The Cherry Blossom After the Earthquake
On March 11, 2011, my husband got a call around 5 a.m. It was his mother, begging us to move to higher ground. A tsunami advisory had been issued for parts of California. For a brief moment, we panicked. We had missed reports the night before of the earthquake off of Japan and had no idea of its severity. As we turned on the computer, the extent of the devastation hit us. While we did not move to higher ground (it turned on the tsunami threat was farther north), we did spend hours glued to the news, praying for Japan, and contemplating exactly what all of this meant.
Two years ago, I worked for a city government. We participated in a region-wide simulation called the “Great Shakeout.” This was an emergency preparedness exercise for a potential 7.8 magnitude earthquake off of a fault line 100 miles east of Los Angeles. In this simulation, major freeways, office buildings, homes collapse. There is a shortage of water, food, power. At least 2,000 people die and 50,000 are injured – workers trapped in aged, collapsing buildings; elderly who can’t get enough sustenance. Major aftershocks continue to rattle the land for days after the first quake. And this is an earthquake ten times weaker that what hit Japan. What I learned from that simulation is that you can be prepared…but you can never be fully prepared. Yes, friends, that’s a little scary.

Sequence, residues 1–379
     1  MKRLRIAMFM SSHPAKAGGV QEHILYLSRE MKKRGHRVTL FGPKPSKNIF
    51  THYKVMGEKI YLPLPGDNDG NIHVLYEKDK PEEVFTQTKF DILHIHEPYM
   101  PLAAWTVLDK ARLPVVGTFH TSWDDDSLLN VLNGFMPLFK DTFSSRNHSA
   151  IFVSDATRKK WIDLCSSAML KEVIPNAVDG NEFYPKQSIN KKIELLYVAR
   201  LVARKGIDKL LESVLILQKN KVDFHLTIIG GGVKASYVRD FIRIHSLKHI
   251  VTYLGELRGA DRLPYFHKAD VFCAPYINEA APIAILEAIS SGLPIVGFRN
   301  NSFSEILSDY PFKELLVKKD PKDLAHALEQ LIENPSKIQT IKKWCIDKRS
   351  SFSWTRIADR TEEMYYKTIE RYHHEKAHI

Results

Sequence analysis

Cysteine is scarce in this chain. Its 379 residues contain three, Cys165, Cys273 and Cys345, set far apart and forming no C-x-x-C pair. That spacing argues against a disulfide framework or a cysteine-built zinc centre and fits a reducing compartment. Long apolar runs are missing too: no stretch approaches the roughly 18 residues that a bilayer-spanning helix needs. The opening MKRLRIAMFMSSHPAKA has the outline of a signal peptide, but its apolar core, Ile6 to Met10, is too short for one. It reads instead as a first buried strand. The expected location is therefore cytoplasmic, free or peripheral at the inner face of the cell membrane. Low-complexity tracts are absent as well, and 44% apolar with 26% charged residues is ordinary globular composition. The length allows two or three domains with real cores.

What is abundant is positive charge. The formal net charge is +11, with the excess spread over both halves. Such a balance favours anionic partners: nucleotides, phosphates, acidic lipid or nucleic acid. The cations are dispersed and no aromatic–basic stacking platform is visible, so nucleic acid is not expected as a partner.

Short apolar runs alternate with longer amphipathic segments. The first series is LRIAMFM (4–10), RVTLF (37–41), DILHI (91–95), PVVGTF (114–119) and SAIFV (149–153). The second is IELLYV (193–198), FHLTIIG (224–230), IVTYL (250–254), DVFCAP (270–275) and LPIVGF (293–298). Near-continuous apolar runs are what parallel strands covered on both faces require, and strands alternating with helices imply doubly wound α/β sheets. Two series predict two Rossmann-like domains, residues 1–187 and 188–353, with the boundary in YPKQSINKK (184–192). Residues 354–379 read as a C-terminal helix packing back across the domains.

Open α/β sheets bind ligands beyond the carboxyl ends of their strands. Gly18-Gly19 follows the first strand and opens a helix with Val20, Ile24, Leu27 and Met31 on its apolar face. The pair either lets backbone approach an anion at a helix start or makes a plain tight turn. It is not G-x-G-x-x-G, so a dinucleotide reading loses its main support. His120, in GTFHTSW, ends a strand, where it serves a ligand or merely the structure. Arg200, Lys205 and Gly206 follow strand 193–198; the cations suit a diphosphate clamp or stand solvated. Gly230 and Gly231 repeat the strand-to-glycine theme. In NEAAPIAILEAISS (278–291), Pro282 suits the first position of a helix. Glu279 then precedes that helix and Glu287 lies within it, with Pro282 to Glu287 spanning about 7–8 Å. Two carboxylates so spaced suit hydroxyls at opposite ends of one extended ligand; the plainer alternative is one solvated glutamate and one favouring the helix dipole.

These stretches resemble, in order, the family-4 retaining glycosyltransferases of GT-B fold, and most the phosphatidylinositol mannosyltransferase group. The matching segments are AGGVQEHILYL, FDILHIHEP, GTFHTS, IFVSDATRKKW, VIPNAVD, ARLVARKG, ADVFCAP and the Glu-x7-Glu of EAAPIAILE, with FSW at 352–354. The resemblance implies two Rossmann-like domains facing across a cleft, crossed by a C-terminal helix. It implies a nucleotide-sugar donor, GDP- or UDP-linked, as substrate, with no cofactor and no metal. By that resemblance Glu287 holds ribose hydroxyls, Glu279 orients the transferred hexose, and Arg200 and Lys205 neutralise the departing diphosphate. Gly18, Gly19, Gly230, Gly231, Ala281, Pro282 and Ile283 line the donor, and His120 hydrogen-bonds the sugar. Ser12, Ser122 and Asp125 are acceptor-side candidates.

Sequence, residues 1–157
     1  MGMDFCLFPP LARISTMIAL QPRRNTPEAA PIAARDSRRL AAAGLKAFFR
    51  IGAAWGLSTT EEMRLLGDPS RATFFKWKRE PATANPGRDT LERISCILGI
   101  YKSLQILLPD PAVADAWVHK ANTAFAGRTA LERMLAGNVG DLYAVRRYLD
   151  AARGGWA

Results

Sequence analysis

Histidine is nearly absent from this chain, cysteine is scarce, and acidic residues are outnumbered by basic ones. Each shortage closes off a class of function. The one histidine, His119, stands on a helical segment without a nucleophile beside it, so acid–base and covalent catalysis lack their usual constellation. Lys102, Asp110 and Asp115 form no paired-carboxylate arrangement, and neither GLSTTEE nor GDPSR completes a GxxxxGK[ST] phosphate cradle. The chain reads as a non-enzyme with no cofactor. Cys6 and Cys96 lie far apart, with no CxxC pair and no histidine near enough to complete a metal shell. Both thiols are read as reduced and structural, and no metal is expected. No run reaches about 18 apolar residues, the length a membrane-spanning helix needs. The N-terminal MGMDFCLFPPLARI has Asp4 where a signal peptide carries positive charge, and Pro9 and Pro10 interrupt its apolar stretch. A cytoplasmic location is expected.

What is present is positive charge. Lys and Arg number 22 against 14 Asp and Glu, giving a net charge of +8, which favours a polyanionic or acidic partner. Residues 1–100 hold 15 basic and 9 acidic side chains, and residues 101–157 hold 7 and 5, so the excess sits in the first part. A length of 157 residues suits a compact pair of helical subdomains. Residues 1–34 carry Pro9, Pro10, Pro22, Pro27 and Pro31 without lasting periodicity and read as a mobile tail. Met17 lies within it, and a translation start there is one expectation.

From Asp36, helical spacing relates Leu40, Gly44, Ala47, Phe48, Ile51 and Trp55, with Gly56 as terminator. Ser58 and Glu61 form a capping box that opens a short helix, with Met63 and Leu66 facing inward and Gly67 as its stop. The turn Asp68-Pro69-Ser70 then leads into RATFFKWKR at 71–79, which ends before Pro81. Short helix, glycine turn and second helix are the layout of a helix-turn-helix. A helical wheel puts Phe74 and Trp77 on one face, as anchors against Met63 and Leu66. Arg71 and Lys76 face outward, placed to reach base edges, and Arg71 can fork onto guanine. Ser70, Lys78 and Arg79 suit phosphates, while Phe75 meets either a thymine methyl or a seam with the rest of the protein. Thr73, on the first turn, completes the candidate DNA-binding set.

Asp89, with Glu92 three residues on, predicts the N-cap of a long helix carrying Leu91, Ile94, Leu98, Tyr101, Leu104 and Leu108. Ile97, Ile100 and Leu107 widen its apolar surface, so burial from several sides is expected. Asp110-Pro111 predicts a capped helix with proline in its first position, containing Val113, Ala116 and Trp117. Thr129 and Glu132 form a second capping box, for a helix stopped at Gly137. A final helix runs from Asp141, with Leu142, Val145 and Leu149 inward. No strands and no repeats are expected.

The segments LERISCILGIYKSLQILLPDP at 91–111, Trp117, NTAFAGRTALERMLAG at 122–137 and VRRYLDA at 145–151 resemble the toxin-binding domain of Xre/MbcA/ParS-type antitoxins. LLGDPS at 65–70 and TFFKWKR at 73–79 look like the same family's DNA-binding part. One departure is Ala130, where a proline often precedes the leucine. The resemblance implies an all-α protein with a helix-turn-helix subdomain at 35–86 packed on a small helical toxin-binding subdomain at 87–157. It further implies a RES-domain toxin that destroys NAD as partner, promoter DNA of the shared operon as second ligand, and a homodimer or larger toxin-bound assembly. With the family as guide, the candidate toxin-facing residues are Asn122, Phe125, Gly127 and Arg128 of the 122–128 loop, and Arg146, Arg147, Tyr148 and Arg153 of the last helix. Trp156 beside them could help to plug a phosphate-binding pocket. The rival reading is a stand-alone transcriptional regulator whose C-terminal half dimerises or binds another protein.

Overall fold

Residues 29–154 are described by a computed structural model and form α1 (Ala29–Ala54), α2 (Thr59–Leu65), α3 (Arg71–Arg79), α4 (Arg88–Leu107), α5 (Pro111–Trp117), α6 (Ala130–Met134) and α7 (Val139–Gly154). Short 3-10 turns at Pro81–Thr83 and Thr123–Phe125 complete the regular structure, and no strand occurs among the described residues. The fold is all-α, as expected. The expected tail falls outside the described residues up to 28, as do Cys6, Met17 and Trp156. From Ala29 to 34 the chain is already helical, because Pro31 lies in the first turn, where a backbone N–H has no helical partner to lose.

In a fitting turn of events, I had the opportunity to visit the Cherry Blossom festival in Washington, D.C. last weekend. The City of Tokyo gave the cherry blossom trees to Washington, D.C. as a gift of friendship in 1912. They bloom at approximately the same time as the cherry blossoms in Tokyo. When I arrived, it was a cool, crisp, but sunny day. The blossoms where in peak bloom. If you’ve never seen a cherry blossom, think of witnessing a tree exploding with the airy, clouds from Care Bear’s Camelot – white and various shades of pink. They are breathtaking.
It was beautiful to witness these blossoms and think that right now, despite all of the devastation that has hit Japan, these blooms are shining forth as they do each year.
While Tokyoites have canceled many of their cherry blossom (hanami) festivals this year to show solidarity with those directly affected by the tsunami, the flowers are still in bloom.
Cherry blossoms, which last only a couple of weeks, act as an important reminder to us all…
Life is beautiful, but fleeting.